- Union Pacific (UP) has launched a developer portal that will allow shippers to access data on inbound and outbound rail shipments, the railroad announced this week.
- Three Application Program Interfaces (APIs) provide functions for increased automation, including the ability to release rail equipment without logging into the UP website and alerts when shipments are off course.
- APIs are becoming the preferred communication channel for system integration "because they lay the foundation for systems to more freely and quickly transfer data in real time," UP Director of Information Technologies Lee Sorrick said in a statement.
Many carriers are turning to APIs to provide shipment information to customers who ask for more visibility.
Schneider announced its ETAi technology last year, saying its API will provide shippers with real-time updates on order arrival time. "Customers and drivers are in lock-step from the first mile to arrival," Schneider CIO Shaleen Devgun said in a statement, talking about the benefits of the tool.
Ocean carriers are turning to connected containers to track shipments and CMA CGM has said the data collected by these sensors would be made available to shippers through either a web portal or API.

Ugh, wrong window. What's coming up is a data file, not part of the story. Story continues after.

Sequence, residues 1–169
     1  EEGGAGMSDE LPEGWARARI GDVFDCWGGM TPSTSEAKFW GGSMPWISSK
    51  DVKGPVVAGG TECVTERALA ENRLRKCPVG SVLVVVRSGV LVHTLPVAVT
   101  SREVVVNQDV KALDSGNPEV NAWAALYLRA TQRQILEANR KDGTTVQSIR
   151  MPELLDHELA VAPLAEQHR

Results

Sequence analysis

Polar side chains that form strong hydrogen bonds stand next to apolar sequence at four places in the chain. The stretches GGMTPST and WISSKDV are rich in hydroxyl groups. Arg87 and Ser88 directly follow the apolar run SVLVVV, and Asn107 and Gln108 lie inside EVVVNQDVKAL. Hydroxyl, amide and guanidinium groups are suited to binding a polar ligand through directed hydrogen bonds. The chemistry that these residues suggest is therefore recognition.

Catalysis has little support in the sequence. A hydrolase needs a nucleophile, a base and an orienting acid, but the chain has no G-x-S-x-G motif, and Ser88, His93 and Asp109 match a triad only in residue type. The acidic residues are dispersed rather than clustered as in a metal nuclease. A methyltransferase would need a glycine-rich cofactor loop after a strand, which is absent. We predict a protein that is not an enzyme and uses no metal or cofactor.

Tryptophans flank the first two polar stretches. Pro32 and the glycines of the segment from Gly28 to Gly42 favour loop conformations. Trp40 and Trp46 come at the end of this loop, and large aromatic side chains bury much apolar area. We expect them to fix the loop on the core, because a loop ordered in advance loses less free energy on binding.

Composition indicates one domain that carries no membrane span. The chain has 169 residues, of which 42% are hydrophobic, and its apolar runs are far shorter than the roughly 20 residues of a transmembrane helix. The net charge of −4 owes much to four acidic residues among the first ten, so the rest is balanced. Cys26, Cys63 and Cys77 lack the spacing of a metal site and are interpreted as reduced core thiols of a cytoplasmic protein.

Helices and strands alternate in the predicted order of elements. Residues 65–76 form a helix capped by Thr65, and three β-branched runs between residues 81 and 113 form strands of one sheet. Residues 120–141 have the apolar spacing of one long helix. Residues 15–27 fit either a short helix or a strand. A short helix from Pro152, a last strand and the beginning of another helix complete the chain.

New APIs offered by UP
|Shipment API||Real-time information on shipments and the estimated time of arrival.|
|Action API||Release of equipment, order-in rail cars, intermodal terminal reservations.|
|Cases API||Notification when a shipment might be off course and could require attention.|
Carriers say this information allows shippers to know when shipments will arrive, but also when and where problems might have occurred.
An API allows the customers to integrate the data stream into existing systems, allowing them to customize it, according to the API company BBVA. It also allows developers, like Loadsmart, to create solutions using the data. Loadsmart has raised millions in funding for its platform that uses an API to connect with port terminal operating systems and match loads to available trucks based on a variety of factors.
The railroad says the connections can also be used for intermodal planning, shipping actions, managing a rail network, validating pre-gate reservations and other functions.
"The goal is to make information access as self-service as possible," Kyle Dyer, UP's principal engineer of information technologies, said in a statement.
As the rail industry has struggled to provide more visibility to customers, the adoption of APIs has been considered a good place to start.
"APIs have gotten a lot of traction in the truck space but not so much in the rail space," Shankar Sengupta, the VP of engineering and transport logistics at GE Transportation, said last year. "This is an area that we are actively working on."